The narrator, a writer, Googles the name of her first lover, only to discover that he recently committed suicide. This shock upends her already shaky relationship with her husband and sets in motion a decision to compose the story of all her lovers. Twelve chapters in the book correspond to these men - one of whom, and not the last, is her husband. One Another may be autobiographical, or it may not, and the narrator's self-awareness leaves the reader undecided. She says, "My introverted, unhappy delivery may be hardening the audience's inclination to believe the narrator is me into the certainty that...only one person is standing before them: the narrator, unhappy in love." This is a sophisticated love story perfect for fans of Lauren Groff and Kate Atkinson.
-Cindy— From Cindy's Recs
One Another dazzles as Monique Schwitter deftly weaves an intricate, moving, and wonderfully eccentric portrayal of love and art—erotic, chaotic, comedic, tragic, and glorious.
When a writer googles the name of her first love and discovers he committed suicide years ago, she is deeply shaken. Memories of Petrus begin to flood into her mind, followed by the memories of other loves, one after another. What exactly is love? How does it come and go? She begins to search her personal history for answers. Twelve men. Twelve chapters in a novel. Melancholy Petrus, handsome actor Jakob, Simon with his pet rat, gay Nathanael, a student, her brother. Her husband’s story is supposed to be the last. But as story after story unfolds, the past and present entangle until her orderly search is interrupted by present-day complications of love and by a startling event overlooked at home that begins to seize the plotline of both her art and life.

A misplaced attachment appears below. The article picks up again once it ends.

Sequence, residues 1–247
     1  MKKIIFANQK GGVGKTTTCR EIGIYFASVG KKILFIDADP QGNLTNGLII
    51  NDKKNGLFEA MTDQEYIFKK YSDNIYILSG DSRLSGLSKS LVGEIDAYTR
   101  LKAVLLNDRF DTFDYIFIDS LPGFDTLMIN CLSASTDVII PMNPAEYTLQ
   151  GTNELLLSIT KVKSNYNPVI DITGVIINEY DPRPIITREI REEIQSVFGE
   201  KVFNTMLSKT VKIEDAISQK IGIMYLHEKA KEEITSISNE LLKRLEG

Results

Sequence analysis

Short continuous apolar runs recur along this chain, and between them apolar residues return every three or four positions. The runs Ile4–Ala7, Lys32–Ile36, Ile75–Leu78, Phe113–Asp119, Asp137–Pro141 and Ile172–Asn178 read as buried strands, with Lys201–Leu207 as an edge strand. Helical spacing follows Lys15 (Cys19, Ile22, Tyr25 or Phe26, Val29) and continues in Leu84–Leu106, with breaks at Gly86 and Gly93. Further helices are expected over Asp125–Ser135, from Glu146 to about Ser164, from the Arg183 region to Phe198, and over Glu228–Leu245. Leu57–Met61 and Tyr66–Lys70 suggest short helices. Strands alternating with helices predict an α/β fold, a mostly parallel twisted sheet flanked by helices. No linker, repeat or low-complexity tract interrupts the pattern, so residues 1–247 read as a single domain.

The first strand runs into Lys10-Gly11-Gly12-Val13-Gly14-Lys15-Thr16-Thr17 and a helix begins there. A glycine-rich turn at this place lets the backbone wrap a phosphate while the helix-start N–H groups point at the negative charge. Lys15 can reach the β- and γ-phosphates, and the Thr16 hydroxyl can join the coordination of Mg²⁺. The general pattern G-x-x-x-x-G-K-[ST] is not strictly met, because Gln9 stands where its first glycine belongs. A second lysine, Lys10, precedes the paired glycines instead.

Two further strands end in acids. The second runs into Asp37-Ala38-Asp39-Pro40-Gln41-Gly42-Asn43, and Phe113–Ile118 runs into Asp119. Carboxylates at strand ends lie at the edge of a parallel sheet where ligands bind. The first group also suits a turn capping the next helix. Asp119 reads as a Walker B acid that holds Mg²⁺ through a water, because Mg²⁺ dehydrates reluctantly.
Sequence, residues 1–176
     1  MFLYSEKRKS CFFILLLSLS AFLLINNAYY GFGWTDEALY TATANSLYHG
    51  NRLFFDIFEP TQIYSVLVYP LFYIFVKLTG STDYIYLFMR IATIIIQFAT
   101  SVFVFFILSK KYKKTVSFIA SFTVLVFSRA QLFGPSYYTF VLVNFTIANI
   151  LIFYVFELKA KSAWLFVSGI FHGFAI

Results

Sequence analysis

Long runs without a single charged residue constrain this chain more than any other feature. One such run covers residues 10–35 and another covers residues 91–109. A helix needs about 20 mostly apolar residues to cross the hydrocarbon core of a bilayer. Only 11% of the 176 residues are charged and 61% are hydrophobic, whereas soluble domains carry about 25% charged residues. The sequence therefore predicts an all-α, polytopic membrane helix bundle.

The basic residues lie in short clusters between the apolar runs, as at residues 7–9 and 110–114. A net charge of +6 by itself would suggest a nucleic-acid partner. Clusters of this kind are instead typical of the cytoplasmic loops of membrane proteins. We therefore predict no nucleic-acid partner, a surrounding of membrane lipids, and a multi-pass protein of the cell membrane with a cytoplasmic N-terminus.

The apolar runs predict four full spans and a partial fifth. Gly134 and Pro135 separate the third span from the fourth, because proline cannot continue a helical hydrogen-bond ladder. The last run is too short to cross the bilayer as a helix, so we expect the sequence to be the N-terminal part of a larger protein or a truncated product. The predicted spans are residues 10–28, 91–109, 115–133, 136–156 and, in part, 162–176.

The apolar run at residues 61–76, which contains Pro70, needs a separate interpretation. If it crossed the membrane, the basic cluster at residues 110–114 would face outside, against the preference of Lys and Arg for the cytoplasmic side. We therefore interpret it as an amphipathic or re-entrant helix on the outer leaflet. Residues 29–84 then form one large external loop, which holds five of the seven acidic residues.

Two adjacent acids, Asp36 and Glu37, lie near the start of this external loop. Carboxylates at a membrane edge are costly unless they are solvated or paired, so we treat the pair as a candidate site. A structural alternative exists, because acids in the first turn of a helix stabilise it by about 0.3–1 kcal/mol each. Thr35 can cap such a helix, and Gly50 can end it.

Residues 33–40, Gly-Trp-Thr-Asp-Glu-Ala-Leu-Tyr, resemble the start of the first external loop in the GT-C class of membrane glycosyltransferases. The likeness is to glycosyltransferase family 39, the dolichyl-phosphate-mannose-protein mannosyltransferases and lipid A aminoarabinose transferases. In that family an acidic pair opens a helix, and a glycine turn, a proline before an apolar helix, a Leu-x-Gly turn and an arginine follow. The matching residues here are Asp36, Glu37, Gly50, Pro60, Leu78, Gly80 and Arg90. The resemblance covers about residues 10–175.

About the Author
Monique Schwitter was born in Zurich, Switzerland, and now lives in Hamburg, Germany. She is the author of two volumes of short stories If It Snows, Let’s Meet at the Crocodile (2006), for which she was awarded the Robert Walser Prize, and Goldfish Memory (2011), as well as a novel Ohren haben keine Lider and the play Himmels-W (both in 2008).
One Another is a beautiful, charming, funny and philosophical book about the mad gamble of love. Schwitter is a miraculously gifted writer, and it’s pure pleasure to ricochet around her roomy, vibrant universe. There are no cold cases here—in these twelve chapters, old flames burn bright again, rekindled by the narrator’s powerful imagination. She fuses these shards of broken relationships into a mirror, revealing her own face to us in the process—a true delight.
— Karen Russell, author of "Swamplandia!" and "Vampires in the Lemon Grove"
Are we the sum of our beloveds—how we choose them, how we leave them, how we are abandoned? One Another is a young wife’s clear-eyed, witty look back on her twelve great loves: an album of memory and desire, of husbands, dogs, meals, debts, cemeteries, penguins, lovers and sons. Written with fervent honesty. Lit deeply from within.
— Dylan Landis, author of "Rainey Royal" and "Normal People Don’t Live Like This"